Former Texas Gov. Rick Perry, former Sen. Rick Santorum, Louisiana Gov. Bobby Jindal, businesswoman Carly Fiorina, Sen. Lindsey Graham, former New York Gov. George Pataki, and former Sen. Jim Gilmore have been invited to that event.

According to a Monmouth University survey released this week, Perry, Santorum, Jindal, Fiorina and Graham were all within the margin of error of tenth place, highlighting the difficulty in using national polls to determine who is in and who is out.

For Perry especially, this will be a bitter pill to swallow.

The former Texas governor had been clinging to 10th place in many polls, but appears to have been edged out in the final weeks by Kasich’s late momentum.

Perry has gotten raves on the campaign trail for running a more polished campaign than he did in 2012, and for displaying a firmer grip on policy issues. 

His supporters were hoping for a chance at redemption after a disastrous debate performance in 2011 essentially ended his presidential hopes. Instead, he’ll have to find a way to stand out in the secondary debate.

Still, after the Fox announcement, he wrote on Twitter:

It’s also a disappointment for Santorum, who won the Iowa caucuses in 2012 on his way to winning 11 states in the GOP nominating contest and emerging as the biggest threat to eventual nominee Mitt Romney.

But little of Santorum’s support from 2012 has carried over, and he’s essentially starting from scratch in 2016.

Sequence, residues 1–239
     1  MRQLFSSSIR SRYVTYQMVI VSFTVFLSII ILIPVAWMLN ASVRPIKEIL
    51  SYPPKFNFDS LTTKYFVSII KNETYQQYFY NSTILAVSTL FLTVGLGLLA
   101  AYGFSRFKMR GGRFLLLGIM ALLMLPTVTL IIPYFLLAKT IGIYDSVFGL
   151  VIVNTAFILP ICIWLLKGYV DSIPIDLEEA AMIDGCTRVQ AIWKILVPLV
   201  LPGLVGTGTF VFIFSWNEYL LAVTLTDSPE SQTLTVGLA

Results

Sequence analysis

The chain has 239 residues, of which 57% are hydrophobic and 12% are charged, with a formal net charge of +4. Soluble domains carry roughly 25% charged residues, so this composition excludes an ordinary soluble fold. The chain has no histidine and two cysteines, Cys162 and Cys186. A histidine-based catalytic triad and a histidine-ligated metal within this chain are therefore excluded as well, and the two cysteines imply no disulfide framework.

For others battling it out on the undercard, the earlier forum could offer them a chance to stand out at an event with fewer candidates at an event where Trump will not be looming over the field.

Tuesday’s announcement comes after weeks of criticism from candidates, pollsters and pundits, who argued that Fox News should not use national polls to determine who makes it on the debate stage.


At a forum in New Hampshire on Monday night where 14 candidates took turns speaking, Fiorina took a parting shot at the parameters, thanking host C-SPAN for “reminding the political class that we don’t have a national primary and for managing to get all of the candidates here to the first in the nation primary state.”


Earlier this week, the Marist Institute for Public Opinion announced it was suspending its latest survey to ensure that their polling was not one of the five polls Fox will use to determine the contestants.



Marist argued that too many candidates are separated by too small of margins and that national polling is not precise enough to determine the true standing of candidates at this point. The outlet also said it turned independent analysts into participants in the debate process.


Still, critics acknowledged that Fox News was in a tough spot. There are too many people running for the GOP nomination to fit them all on the same stage at the same time.



In addition, Fox has noted that national polls have been used by them and others in the past to determine who qualifies for debates without controversy.

Fox said the surveys used to determine the top 10 for Thursday were those conducted for Fox News, Bloomberg, CBS News, Monmouth University and Quinnipiac University.